Speaking while receiving the dividends, the Minister for Finance and Planning, Dr Philip Mpango, urged other organizations to follow suit, saying it is through such financing that the government gets money.
The government owns a 21.5-per cent stake in the bank. Dividends are corporate earnings that companies pass on to their shareholders. They can be in form of cash payments, stock shares or any other property.
During the event, Dr Mpango spoke of the hassles he had been going through, when negotiating for loans to finance development projects in the country. “It is always not easy to access finances from other institutions in terms of loans but it is quite encouraging to see what our own institutions contribute to government coffers,” he said.
He called upon all institutions in which the government owns shares to pay out dividends to the government on time. He assured the CRDB Bank that the money would be directed towards development projects.
Dr Mpango used the occasion to advise Tanzanians to develop a culture of buying shares in capital markets and the stock exchange, saying it was a good investment. He insisted on the bank to strive for better services as it was key to maintaining and widening their market share. Of late the minister was receiving complaints from customers that some banks were debiting their money without their consent, he stated.
He said he had directed the Governor of the Bank of Tanzania (BoT) to look into the complaints and take proper measures, “but I am happy that CRDB Bank is not among the banks being complained of.”
He also called upon district and municipal councils, which are not CRDB Bank shareholders to learn from their peers, who received dividends for their investments.
Dr Mpango said it was high time for banks to go for customers instead of waiting for them to follow them as there were a lot of untapped opportunities.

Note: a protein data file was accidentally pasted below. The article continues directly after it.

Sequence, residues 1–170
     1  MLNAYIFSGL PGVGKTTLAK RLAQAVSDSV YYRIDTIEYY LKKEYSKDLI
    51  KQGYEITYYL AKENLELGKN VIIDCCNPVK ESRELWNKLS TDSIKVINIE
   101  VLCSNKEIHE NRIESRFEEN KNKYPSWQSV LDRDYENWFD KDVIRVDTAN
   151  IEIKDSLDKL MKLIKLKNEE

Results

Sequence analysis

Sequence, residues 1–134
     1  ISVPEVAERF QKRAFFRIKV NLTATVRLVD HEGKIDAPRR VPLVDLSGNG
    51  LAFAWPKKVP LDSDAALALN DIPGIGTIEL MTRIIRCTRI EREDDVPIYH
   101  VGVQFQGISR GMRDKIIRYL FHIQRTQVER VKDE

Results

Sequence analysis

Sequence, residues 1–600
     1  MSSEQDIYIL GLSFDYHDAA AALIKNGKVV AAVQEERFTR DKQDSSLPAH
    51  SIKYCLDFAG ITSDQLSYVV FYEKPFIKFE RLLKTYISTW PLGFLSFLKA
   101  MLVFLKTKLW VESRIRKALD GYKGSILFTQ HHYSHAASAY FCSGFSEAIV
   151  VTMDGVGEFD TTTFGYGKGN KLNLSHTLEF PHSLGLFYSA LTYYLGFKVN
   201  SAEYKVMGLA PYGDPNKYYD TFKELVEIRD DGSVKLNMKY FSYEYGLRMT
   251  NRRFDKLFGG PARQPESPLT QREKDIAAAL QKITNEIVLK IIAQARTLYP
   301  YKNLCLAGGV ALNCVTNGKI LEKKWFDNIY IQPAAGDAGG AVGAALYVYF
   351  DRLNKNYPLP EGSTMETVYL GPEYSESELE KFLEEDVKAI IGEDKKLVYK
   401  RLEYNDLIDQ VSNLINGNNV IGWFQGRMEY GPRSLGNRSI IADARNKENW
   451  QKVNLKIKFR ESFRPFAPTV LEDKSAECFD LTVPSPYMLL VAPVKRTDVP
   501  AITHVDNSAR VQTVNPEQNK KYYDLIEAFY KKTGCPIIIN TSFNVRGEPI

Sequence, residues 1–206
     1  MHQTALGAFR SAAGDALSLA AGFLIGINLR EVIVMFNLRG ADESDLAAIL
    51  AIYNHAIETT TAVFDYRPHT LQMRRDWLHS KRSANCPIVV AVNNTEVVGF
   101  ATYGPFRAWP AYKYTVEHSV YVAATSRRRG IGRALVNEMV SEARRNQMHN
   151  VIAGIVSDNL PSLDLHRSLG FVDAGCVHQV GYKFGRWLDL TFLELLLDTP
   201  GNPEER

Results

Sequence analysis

In 2017 the government received 19.5bn/- from CRDB Bank as part of the state’s investment in the country’s largest local lender.
In 1996 CRDB Bank was operating as the Cooperative and Rural Development Bank - then wholly owned by the government. It went into a crisis that almost led to its bankruptcy as money flowed out into newly founded private commercial banks, and its salary bill was too high, etc.
To improve its situation, the government entered into an agreement with Denmark and in the process, they agreed to establish DIF.
However, throughout the fund’s existence the government never took its dividends because it continued supporting the bank to grow.
The government will continue receiving its dividends until 2021 before coming to a decision in 2022 on whether to withdraw all its shares and invest in other income generating activities or keep them in CRDB.
Initially, the government had 30 per cent of the shares, but when the bank was listed at the Dar es Salaam Stock Exchange (DSE) some of the shares were offloaded to members of the public.
Earlier, CRDB Bank Board Chairman Ally Laay called for a special awareness programme to members of the public to develop a culture of buying shares listed in stock exchange markets.
He said only a few Tanzanians had such a culture, and as a result the majority of shares floated were taken up by foreigners. Laay noted that statistics show that Tanzanians who own shares at DSE are less than 500,000 while opportunities were many.
The bank chief executive officer, Abdulmajid Nsekela, said they were well-planned to ensure they keep serving their customers and remained on top in the banking industry.
Meanwhile, the NMB Bank is expected to issue 33bn/- in dividends to its shareholders including the government, after the bank’s annual general meeting endorsed the amount in Dar es Salaam yesterday.
Last year the bank’s shareholders approved 32bn/- dividends and this year’s increase came after an increase in payments per share.
The dividend per share rose by three per cent, whereby the bank this year pays 66/- per share up from 64/- per share paid last year.